Immigration

Farms and ranches throughout the country won’t see their labor shortages solved by a renegotiation of the North American Free Trade Agreement (NAFTA).

In a call with reporters while visiting Mexico ahead of the trade talks, U.S. Agriculture Secretary Sonny Perdue said labor issues likely wouldn’t be addressed during formal negotiations among the United States, Mexico and Canada, set to begin August 16th.

Luke Runyon / KUNC and Harvest Public Media

Citizenship applications were on the rise across the country in 2016. And while there’s no definitive data for the first part of 2017, there are small indications that same trend could be continuing this year.

Many immigrants in the U.S. are worried that changes to immigration policy pushed by the Trump administration could impact their families -- and that’s true in rural America, too. In some rural communities, immigrants and refugees are taking steps to go from green card holders to fully-fledged citizens.

Ann Marie Awad / KUNC

El-Mekki Idris brought a tray to our table with two fragrant dishes on it. “This is koushouri, and the other one is fool sandwich,” he explains.

Koushouri is a popular rice, pasta and lentil dish from North Africa. It’s topped with tomato sauce and fried onions. Fool, another popular regional dish, consists of mashed fava beans and spices. At Sudan Cafe, Idris serves it as a sandwich on a soft, home-baked roll.

Luke Runyon / KUNC and Harvest Public Media

The bell signals the start of second period. A trio of young women take seats in English class, their attention quickly drifting outside the walls of the high school in Fort Morgan, Colorado, eager to talk about what they’re working toward.

“I want to become an FBI [agent],” says freshman Mariam Mohammed. “It’s my dream.”

On her left, her sister, Mutaas Mohammed, with a clay-colored hijab wrapped around her face and dark purple lipstick, says she wants to study fashion design. The girls’ friend, Isra Mohamud, a senior this year, chimes in: She’s looking at a nursing program at the local community college.

Courtesy of Denver Public Library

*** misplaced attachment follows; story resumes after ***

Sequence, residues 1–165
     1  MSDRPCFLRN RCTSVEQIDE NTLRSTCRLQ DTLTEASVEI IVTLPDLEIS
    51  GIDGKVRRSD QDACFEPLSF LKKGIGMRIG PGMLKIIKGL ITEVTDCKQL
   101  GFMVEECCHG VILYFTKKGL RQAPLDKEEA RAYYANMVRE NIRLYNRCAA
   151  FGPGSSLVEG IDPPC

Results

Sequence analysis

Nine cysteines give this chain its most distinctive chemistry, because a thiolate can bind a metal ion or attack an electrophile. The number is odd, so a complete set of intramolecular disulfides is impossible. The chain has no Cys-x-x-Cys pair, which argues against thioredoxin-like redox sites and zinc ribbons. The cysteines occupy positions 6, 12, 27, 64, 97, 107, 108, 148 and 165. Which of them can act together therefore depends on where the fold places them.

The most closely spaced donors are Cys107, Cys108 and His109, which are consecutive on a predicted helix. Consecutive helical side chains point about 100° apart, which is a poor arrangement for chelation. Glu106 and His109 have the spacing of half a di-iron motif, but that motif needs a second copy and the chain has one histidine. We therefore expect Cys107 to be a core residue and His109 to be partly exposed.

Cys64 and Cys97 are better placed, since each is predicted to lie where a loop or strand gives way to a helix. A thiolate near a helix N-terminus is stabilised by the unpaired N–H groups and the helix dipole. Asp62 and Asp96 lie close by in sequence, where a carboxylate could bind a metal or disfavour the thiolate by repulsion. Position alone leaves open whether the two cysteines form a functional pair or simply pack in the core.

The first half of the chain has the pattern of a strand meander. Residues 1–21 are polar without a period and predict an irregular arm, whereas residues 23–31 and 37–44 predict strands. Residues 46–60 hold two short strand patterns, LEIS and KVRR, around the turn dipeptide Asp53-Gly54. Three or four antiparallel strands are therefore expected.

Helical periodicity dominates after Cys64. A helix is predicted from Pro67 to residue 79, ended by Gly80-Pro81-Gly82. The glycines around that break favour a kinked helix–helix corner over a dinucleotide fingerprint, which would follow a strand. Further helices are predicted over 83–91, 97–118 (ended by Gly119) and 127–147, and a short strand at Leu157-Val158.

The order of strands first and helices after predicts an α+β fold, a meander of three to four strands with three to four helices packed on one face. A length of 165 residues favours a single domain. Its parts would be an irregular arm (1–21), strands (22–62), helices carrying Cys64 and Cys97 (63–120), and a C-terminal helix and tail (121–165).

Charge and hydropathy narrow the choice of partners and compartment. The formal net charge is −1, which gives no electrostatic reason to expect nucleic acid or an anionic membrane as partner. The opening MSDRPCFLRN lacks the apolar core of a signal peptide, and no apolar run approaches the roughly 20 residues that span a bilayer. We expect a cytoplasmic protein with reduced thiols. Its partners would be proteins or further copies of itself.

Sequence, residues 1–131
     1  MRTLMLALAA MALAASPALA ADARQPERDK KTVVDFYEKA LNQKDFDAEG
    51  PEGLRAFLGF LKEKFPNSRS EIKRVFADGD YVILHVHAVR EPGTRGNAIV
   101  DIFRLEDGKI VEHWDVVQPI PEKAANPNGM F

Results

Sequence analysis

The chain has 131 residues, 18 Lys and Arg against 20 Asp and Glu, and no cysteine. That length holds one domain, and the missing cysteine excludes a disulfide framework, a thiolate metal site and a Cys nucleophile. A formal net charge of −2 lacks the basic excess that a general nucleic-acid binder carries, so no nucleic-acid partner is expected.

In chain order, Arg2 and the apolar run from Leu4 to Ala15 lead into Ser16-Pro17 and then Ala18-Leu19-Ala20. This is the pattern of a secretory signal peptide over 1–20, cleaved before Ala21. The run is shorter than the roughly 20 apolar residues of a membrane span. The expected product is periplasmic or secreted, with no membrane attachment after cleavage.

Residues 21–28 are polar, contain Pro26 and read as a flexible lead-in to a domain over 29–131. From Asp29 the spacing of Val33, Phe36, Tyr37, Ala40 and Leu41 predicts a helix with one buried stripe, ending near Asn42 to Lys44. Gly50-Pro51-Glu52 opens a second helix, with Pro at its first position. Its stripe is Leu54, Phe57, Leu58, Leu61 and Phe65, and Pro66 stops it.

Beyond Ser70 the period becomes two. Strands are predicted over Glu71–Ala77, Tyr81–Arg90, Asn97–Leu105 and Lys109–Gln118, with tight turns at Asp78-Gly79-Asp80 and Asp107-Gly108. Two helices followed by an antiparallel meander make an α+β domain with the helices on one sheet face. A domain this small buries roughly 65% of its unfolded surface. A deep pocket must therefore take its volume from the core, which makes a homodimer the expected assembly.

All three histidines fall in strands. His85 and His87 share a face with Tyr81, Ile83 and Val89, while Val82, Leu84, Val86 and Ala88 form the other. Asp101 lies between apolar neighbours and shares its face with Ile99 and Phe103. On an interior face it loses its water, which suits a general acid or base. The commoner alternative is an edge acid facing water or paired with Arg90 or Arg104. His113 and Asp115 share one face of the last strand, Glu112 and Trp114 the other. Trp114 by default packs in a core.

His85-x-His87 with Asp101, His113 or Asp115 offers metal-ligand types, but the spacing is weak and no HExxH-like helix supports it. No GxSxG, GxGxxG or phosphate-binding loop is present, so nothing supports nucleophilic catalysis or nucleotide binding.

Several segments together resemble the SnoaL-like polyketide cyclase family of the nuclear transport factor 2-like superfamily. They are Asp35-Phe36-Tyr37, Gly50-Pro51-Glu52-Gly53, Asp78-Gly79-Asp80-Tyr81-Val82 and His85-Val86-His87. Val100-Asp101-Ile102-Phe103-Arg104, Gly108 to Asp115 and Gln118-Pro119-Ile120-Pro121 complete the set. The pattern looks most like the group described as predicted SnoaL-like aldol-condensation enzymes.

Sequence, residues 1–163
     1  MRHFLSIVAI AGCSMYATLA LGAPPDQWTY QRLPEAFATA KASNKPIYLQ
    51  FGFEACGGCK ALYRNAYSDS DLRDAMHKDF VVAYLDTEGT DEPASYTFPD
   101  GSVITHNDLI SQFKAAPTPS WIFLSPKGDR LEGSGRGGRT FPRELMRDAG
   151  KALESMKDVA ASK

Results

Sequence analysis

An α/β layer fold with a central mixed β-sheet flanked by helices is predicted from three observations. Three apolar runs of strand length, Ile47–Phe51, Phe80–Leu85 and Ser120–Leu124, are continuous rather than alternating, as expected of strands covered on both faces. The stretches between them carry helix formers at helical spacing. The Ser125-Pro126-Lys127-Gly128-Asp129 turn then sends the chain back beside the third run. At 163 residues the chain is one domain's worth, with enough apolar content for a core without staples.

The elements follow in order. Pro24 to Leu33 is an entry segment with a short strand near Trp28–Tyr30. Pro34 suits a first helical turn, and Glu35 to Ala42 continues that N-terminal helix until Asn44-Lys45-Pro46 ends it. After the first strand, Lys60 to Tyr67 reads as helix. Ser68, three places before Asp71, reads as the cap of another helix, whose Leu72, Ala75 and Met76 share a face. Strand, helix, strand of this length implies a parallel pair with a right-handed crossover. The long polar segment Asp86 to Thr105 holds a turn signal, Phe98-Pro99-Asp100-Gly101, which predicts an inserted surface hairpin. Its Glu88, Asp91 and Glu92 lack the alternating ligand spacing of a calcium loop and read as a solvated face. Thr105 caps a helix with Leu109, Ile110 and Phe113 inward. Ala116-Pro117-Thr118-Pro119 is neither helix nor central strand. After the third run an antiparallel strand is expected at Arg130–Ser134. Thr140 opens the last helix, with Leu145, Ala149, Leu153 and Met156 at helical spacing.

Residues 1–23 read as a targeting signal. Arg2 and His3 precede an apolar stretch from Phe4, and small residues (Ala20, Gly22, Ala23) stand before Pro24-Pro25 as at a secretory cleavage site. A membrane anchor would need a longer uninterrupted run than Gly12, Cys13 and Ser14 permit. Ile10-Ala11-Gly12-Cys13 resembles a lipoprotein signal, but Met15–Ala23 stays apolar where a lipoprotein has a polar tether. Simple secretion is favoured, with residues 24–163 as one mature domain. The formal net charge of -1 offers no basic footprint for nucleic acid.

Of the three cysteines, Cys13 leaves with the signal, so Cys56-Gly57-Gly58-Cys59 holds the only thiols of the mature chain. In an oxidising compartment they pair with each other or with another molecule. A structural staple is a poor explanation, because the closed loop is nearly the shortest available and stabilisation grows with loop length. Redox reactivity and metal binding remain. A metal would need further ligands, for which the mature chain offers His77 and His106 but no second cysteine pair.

Protest signs and pink, cat-eared “pussyhats” are flooding the Denver Public Library after archivists put out a request for the Women’s March memorabilia.

“We put just a simple Facebook post out -- and it kind of exploded on us,” said Jamie Seemiller, acquisitions librarian for the library’s Western History and Genealogy Department. “It reached about 23,000 people and was shared over 200 times within the first couple days.”

Francisco Preciado came to California from Mexico as a young child. By the early 1980s, he was raising a young family of his own in the U.S. and working as a groundskeeper at Stanford.

On a recent visit to StoryCorps, his son, Frankie, recalls, "Since I was around 9 or 10, I would come sometimes with you to help you on campus."

"I told you that one day, you were going to go here to Stanford," answers Francisco.

Stephen Butler / Flickr - Creative Commons

A bill to expand a state program to offer driver's licenses for undocumented immigrants in Colorado will be introduced at the state capitol later in February. The original law [.pdf], which Democrats passed when they controlled both chambers in 2013, allows undocumented immigrants who have lived in Colorado for at least two years and have paid taxes to get a license, if they pay an extra fee.

"I want to know when I'm driving that the people driving next to me know the same rules as I do. Especially when you come from a different country, road signs might look different," said Rep. Jonathan Singer (D-Longmont), sponsor of a new bill that would expand the program to 32 driver's license offices across the state.

"They deserve the opportunity to show that they are willing to be a part of our community, willing to play by the rules."

When Henry Jimenez got to the airport, shortly before flying from his home in Mexico to the U.S., he says, the goodbyes got difficult.

"My little brother was crying and I tried to act tough on him, but I gave him a hug," Jimenez recalls. "I've never gave him a hug like that before, and I started crying, too."

Tom Pratt / Flickr - Creative Commons

When politicians open their campaigns, they often consider how to cluster the U.S. population into smaller groups. That way, they can target the votes they need to win.

For example, politicians might support women’s access to contraception to rally the young, unmarried women’s vote. Or they might speak against same-sex marriage legislation to gain support from social conservatives.

Yet there’s a moment when these groups become problematic and ineffective. Not every conservative wishes to ban gay marriage. Not every woman is pro-choice. Not every Latino ranks immigration reform as a top priority.

Small town doesn't quite describe Bethune, Colo. It spans just 0.2 square miles and has a population of 237. There's a post office, but it's open only part time. There's not a single restaurant, and the closest big store is in Kansas.

That didn't stop Ailyn Marfil from moving to Bethune a couple of months ago. In fact, she thinks it's a pretty exciting place to live. "I was looking for speed and action, and so Bethune gave me speed and action. More than I expected," she says.

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